Soccer in the United States has long craved its own Lionel Messi, a playmaker, a creator, an on-field artist if you will. Though the national team has reached a point where it can be competitive in World Cups and other international tournaments, that one-in-a-million super-talent has not yet emerged from these shores.
Brek Shea is not that guy, either. The USA's exciting new left-sided midfielder is eight inches taller than Messi and has a rapidly improving game based around power and energy rather than mesmerizing ball skills and flashing feet. He can, it is hoped, be a valuable contributor for club and country over the next several years, but he is never going to be a whirling dervish who can single-handedly crack any defense like the tiny Argentine, and to say so pays him no insult at all.
Off the field though, Shea has developed a set of quite remarkable creative skills. When he is not training or playing for Major League Soccer's FC Dallas or Jurgen Klinsmann's national team, the 21-year-old can be found with paintbrush in hand and delving into his artistic soul.
"I go out into the garage and just sit down with my paints," Shea told ThePostGame. "It is very calm, I am just in a pair or shorts and barefoot and alone with my thoughts. I can be out there for hours and just get lost in whatever I am painting. I love it."
This is not just a hobby. Shea's art is good enough that it has been commissioned by investors from all corners of the United States and his works recently raised $10,000 for charity at a show in Texas.
He has opened Left Foot Studios in Dallas, complete with its own website at LeftFootStudio.com, where admirers of his painting can view images and place orders. Shea's art is in high demand, and he will have a series of back orders to complete, both from teammates and collectors, once the season ends.
Yet rather than being a distraction Shea believes that his time spent painting has had a positive effect on his soccer career. Fiercely competitive and with an aggressive approach that impressed USA fans during the
side's 1-1 tie with Mexico in Philadelphia earlier this month, those laid back times in front of the canvas provide a welcome antidote to the pressure of life in professional sports.
"There is no right or wrong, especially with a lot of the abstract stuff that I do," Shea said. "I can just free-flow and express myself and whatever is in my head. It can take me away from it all, it is just me and sometimes my dog out there.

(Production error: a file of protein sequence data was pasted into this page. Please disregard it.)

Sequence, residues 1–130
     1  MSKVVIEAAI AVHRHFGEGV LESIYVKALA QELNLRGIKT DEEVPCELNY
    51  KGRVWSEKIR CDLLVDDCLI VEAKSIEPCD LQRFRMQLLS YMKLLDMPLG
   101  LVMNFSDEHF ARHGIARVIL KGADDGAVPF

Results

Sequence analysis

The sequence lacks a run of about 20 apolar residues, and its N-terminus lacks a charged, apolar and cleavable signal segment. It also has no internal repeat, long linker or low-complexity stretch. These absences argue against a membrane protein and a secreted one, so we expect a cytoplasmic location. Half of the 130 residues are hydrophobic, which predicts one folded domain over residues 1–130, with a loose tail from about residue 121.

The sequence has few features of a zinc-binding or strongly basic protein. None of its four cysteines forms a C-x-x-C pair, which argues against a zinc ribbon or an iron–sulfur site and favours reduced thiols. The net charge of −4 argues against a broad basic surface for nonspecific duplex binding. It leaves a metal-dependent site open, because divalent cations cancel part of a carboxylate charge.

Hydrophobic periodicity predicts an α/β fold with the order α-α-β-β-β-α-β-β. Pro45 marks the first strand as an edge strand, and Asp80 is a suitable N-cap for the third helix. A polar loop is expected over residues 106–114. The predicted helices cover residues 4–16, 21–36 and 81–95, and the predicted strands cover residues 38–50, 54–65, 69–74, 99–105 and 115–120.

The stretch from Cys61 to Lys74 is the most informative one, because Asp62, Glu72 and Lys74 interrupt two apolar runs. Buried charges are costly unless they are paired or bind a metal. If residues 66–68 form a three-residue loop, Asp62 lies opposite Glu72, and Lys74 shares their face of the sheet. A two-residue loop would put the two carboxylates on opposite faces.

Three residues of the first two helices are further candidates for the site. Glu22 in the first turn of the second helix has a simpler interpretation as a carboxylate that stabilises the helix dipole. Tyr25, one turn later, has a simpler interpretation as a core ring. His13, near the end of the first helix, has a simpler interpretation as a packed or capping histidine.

"I paint about whatever. Sometimes I am just walking around and I notice something and next time I come to paint I remember it, the way it looked or how certain colors came together."
Shea studied art in elementary school but is primarily self-taught. He devoured books to broaden his artistic range and watched instructional videos on the internet.
"It is his thing and it is also the way he is," said Shea's representative, Spencer Wadsworth. "He has great drive and focus and concentration and I’m pretty sure those things help him in both soccer and art.
"It is definitely not the kind of thing you normally associate with a professional soccer player, but it is a really cool thing for him to be doing with his time, better than playing video games or whatever."
With European eyes on MLS more than ever -- Shea's FC Dallas teammate, defender George John, may be about to move to EPL club Blackburn Rovers for a fee of $3.5 million -- it may not be long before a foreign club comes knocking for the big midfielder from College Station, Texas.
His physique would surely stand up well to the rigors of the EPL and signs are that he is technically sound enough to cut it in England or another European league.
Klinsmann's reign in charge of the U.S. national team has just begun, but it appears likely that Shea will at least get a fair crack at holding down a position on the left flank, one that could be his own by the time the 2014 World Cup rolls around.
Little is certain in soccer, or art. For now though, in both of his careers, the reviews are positive and the outlook is bright.
'Trick Shot Titus' Strikes Again